I’m often surprised and disappointed at how little it takes to upset me and how little it takes to make me happy.
Not because I think my life should be all smooth sailing, but because I thought it would be big events that would be required to make me happy or bring me down.
More than that, I know that many of my problems (and joys) are small compared to those that others face.
I’m not starving or living in a war zone or homeless or dealing with terminal illness.
People talk about them as ‘‘first-world problems’’.
In many ways this just compounds my problem, because now I feel guilt and shame for feeling the way I feel.
Why should I feel sad when I live in a safe, comfortable home, with a refrigerator and pantry full of food, with no fear that I will cross paths with a suicide bomber or Ebola victim while I’m going about my business?
Yes, there is a lot to be grateful for, but the truth is my life is mostly made up of small stuff.
I like my coffee hot, I like to do my crossword first thing in the morning, I like to plan my week out ahead of time, so that there is still a little time for me.
According to research by DoubleTree involving 2000 adults, more than a quarter said a few little things would cheer them up, and the research determined that little surprises provided us with the greatest amount of happiness, with 82 per cent saying the best things in life were unexpected.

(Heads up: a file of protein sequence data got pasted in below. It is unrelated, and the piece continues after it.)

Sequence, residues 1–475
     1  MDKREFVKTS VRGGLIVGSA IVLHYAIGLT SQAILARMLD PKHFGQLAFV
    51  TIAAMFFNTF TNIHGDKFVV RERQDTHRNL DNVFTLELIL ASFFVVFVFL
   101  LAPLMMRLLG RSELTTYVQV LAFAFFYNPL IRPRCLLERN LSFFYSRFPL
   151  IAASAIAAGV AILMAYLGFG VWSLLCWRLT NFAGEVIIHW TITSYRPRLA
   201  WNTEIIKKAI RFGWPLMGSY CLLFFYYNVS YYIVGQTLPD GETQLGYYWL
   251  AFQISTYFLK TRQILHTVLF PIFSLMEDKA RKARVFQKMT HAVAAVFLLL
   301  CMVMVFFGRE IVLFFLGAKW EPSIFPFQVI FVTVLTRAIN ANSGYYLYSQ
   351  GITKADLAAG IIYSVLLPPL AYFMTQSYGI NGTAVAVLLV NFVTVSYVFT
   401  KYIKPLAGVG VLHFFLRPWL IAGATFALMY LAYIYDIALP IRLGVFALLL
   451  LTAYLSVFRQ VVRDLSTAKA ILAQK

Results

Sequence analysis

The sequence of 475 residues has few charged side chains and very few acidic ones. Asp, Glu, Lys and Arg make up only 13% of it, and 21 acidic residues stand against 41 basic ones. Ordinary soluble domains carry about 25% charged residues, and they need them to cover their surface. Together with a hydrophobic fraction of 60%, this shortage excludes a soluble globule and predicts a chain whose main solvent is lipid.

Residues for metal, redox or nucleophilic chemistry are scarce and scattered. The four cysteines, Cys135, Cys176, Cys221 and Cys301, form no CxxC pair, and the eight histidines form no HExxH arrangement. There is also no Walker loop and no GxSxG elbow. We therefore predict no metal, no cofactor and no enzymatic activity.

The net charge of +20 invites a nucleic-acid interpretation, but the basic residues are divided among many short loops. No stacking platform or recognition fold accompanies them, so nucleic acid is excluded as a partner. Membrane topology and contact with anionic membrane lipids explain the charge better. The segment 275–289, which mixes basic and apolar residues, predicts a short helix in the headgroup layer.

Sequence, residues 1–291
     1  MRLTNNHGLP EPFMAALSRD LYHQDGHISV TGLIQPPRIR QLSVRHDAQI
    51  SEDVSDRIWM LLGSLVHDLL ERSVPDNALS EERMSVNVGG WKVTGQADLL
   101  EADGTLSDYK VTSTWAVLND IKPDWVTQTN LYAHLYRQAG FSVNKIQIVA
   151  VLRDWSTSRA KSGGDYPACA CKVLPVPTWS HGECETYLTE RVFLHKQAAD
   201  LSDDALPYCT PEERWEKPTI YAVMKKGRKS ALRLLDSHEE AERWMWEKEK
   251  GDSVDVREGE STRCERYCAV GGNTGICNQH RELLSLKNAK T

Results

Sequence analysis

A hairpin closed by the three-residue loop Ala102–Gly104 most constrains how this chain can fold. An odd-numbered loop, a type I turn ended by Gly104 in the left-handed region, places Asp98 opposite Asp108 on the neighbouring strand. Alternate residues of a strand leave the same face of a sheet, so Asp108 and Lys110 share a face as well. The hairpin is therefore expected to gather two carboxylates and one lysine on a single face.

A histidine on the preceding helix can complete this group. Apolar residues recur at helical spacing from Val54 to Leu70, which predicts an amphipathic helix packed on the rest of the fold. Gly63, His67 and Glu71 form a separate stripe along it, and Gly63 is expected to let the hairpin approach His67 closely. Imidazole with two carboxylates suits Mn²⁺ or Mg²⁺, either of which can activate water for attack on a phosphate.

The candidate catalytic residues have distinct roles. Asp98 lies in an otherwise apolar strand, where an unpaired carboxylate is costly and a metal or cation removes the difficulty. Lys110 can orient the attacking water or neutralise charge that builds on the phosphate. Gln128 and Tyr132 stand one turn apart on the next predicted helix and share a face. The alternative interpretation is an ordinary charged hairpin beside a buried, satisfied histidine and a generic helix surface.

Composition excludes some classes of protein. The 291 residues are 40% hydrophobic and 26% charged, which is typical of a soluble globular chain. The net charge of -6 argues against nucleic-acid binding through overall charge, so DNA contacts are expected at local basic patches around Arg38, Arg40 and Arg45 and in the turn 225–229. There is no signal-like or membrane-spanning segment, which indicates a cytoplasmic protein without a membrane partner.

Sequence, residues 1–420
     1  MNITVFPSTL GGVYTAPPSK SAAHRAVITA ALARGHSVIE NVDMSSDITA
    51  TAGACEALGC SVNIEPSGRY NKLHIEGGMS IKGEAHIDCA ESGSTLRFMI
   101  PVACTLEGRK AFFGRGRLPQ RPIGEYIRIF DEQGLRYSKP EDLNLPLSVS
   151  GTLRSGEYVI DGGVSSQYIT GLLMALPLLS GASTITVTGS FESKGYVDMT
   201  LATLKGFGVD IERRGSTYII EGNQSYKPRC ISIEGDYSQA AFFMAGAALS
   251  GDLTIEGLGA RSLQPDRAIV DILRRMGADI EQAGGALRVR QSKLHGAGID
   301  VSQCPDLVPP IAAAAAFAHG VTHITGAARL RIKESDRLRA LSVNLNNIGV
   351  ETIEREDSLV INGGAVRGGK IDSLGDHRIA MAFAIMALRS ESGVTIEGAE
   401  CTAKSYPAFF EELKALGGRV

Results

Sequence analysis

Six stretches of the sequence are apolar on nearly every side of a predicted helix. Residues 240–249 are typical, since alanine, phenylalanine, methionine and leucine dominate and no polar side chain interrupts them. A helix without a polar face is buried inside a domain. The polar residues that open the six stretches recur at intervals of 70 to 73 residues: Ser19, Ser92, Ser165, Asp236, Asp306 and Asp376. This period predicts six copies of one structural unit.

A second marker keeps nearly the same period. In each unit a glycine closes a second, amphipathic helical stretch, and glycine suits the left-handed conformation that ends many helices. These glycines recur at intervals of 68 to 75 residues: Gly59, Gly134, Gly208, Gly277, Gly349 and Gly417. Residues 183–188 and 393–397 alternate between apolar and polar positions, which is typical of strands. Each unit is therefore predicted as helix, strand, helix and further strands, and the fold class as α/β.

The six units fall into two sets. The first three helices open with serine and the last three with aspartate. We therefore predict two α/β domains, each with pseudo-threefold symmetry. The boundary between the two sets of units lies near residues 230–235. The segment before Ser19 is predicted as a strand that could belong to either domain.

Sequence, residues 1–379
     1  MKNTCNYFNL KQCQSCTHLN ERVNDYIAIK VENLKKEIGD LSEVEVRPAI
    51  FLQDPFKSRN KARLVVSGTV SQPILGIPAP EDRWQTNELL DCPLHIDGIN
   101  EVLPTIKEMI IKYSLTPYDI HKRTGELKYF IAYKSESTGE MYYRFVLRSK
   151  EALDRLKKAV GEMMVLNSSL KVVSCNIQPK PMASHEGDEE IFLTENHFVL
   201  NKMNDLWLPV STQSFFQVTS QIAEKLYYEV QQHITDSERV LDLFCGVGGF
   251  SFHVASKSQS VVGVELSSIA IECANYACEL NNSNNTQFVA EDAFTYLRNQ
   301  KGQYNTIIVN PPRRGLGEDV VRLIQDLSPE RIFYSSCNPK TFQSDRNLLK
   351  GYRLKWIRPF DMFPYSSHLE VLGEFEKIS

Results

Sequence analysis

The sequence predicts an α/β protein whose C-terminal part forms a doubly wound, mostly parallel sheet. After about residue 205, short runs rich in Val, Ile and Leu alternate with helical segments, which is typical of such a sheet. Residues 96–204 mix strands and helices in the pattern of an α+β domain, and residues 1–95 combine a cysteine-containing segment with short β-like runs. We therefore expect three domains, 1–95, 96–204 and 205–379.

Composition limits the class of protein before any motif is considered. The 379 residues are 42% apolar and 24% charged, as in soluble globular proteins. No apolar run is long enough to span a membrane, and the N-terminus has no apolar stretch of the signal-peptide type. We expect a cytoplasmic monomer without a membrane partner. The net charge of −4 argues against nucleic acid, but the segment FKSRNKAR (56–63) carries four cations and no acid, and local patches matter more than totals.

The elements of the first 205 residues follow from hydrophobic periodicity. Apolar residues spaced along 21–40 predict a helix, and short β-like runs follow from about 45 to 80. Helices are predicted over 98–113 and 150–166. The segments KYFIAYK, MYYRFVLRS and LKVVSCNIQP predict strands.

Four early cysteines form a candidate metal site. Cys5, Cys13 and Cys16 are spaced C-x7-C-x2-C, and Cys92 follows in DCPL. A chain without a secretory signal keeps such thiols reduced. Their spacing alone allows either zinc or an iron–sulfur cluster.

It is the small, and often unexpected, pleasures in life that can make us smile each and every day to help us build happier and more meaningful lives for ourselves and for others.
If I see a Facebook post with one of my grandchildren doing something cute, I’m happy.
Thirty minutes of dealing with bureaucracy (phone company, local government, church) then I can feel ready to do and say things that I will later regret.
Richard Carlson in his book Don’t Sweat the Small Stuff, says that there are two rules for living in harmony:
1: Don’t sweat the small stuff; and 2: It’s all small stuff.
He says, ‘‘To a large degree, the measure of our peace of mind is determined by how much we are able to live in the present moment. Irrespective of what happened yesterday or last year, and what may or may not happen tomorrow, the present moment is where you are always’’.
Here are five little things that bring me happiness (you may like to add your own):
1. Finding money in my pocket that I didn’t know I had.
2. Climbing into bed when you have fresh sheets.
3. Watching children playing and laughing together.
4. A stranger giving me a genuine smile.
5. Spending time in my home when it is tidy and clean.
Jesus advised his followers not to worry, saying, ‘Therefore I tell you, do not worry about your life, what you will eat or what you will drink, or about your body, what you will wear.
‘Is not life more than food, and the body more than clothing?
‘Look at the birds of the air; they neither sow nor reap nor gather into barns, and yet your heavenly Father feeds them.’ (Matt 6:25-26)
This is the gospel and it’s good news.
— Brian Spencer, Minister, Tatura Uniting Church